TBMB offers training sessions for churches on how to minister to refugees, other ‘strangers’ among us
By David Dawson
FRANKLIN — Tennessee Baptist Mission Board compassion ministries specialist Beth Moore said she believes the first step churches can take in assisting refugees is to gain a better understanding of who they are.
In the months ahead, Moore is hoping that churches across Tennessee will begin to dive deeper into this topic by taking advantage of training opportunities being offered by the TBMB.
The training sessions will help equip churches with information and programs that will aid their efforts to meet the needs of internationals in their communities.
“There are lots of political opinions on this topic,” said Moore. “But, as believers, we are under the authority of the Lord. And the Bible makes it very clear about how we are to treat ‘the stranger’ in our land. So, our goal is to raise awareness by really focusing on the question, ‘who is a refugee?’ ”
Moore noted several Biblical references that speak directly to this topic, including Deuteronomy 10:19, which states, “Therefore love the stranger, for you were strangers in the land of Egypt,” (NKJV).
Moore said she and other members of the compassion ministries staff — along with TBMB ethnic church planting specialist and ethnic evangelism specialist William Burton — are available to talk with churches that are interested in learning new ways to connect with internationals.
“We want to make sure our churches are aware that we can connect them with ministries that are serving refugees,” said Moore, “and we want to offer them a chance to see what those ministries look like.”
Moore said the TBMB staff does not have a specific numerical goal in mind in terms of how many churches will participate in the training sessions. But she is hopeful that many congregations across the state will see the importance of this ministry.
“We know it won’t be every church in Tennessee,” said Moore. “But we would like for every church to at least be aware that this resource is available. There are some churches in our state who are already doing some incredible things in this field. And we hope we can help other churches move in that direction, too.”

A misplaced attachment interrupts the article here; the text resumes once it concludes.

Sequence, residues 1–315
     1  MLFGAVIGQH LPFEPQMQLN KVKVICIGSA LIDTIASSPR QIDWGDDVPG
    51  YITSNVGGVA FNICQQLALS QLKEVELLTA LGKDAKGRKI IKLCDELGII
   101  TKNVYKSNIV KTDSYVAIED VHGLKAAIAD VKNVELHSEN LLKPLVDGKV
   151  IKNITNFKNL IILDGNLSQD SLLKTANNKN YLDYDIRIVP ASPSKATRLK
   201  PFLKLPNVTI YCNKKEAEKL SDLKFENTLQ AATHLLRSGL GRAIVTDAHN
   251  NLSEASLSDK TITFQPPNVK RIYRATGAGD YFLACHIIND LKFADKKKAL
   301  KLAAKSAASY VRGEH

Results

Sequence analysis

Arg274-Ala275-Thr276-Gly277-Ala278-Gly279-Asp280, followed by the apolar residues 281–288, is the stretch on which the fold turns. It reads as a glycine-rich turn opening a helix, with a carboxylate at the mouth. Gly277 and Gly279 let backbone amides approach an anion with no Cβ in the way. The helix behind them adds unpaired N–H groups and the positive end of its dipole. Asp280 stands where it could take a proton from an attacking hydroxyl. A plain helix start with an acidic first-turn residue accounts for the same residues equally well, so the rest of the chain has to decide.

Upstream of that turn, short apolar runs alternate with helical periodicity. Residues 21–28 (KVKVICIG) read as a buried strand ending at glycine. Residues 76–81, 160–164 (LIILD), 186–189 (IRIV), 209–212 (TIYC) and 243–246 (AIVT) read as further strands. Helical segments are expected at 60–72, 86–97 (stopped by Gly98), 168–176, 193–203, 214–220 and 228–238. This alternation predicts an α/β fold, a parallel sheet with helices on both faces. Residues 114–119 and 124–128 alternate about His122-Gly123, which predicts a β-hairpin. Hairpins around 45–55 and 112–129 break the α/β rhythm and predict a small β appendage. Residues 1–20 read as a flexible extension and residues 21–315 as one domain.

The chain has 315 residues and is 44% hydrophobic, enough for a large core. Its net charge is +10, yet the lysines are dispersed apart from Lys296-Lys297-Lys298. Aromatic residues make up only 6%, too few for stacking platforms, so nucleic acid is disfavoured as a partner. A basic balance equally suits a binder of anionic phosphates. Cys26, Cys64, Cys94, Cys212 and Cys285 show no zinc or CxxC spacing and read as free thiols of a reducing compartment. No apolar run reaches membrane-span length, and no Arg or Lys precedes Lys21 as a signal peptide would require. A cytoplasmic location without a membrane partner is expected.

Moore said the training process will start with the basics, and will then potentially move into deeper and more “hands-on” avenues of ministry.
“We believe the first step, really for any church, is to examine the theology of ‘the stranger,’ ” she said. “So, first, we would look into Scripture and find out what it says about that.”
From there, Moore said she and other TBMB leaders can develop strategic plans with the church.
“For those churches that don’t even know where to begin, we can present some simple steps that will get them started,” Moore said. “And we can offer some help in visualizing and strategizing about how this could look.”
Moore noted that one of the training tools that churches can potentially use is a “refugee simulation.” Churches can sign up to host this training event, which can be held on multiple days.
“The point (of the refugee simulation) is to give the participants a better idea of the refugees’ experience — not just in the general sense, but what they face each and every day,” said Moore.
Moore said there is a great deal of misinformation, even among believers, about the church’s role in ministering to refugees.
“Some people don’t realize that refugees go through certain steps and there is a defined process of what they have to do (to be classified as refugees),” she said.
Moore noted that refugees are not illegal immigrants, although she said she believes the Bible makes it clear that compassion should be extended to people in both classifications.
“Even in the case of illegal immigrants, there are specific words in Scripture about how we are to show love and compassion,” she said. “Regardless of any political opinions we might have, the first thing we need to do is really understand what God says about this.
“Loving the nations — that’s our mandate,” she added. “We are not the government, and we don’t make policies. If the Lord, in His sovereignty, brings people to our state, we are commanded, by the Bible, to love them.”
Moore noted that Acts 17:26 states this clearly. The verse says: “God has determined the times and boundaries where people live.”
Moore said she believes the emphasis on ministering to internationals can make an impact across Tennessee. “My hope is that this will really help churches begin to look at the nations among us,” she said. “It’s really about loving the nations that the Lord is bringing to Tennessee.” B&R Churches interested in learning more about ministering to internationals can contact Moore at email@example.com.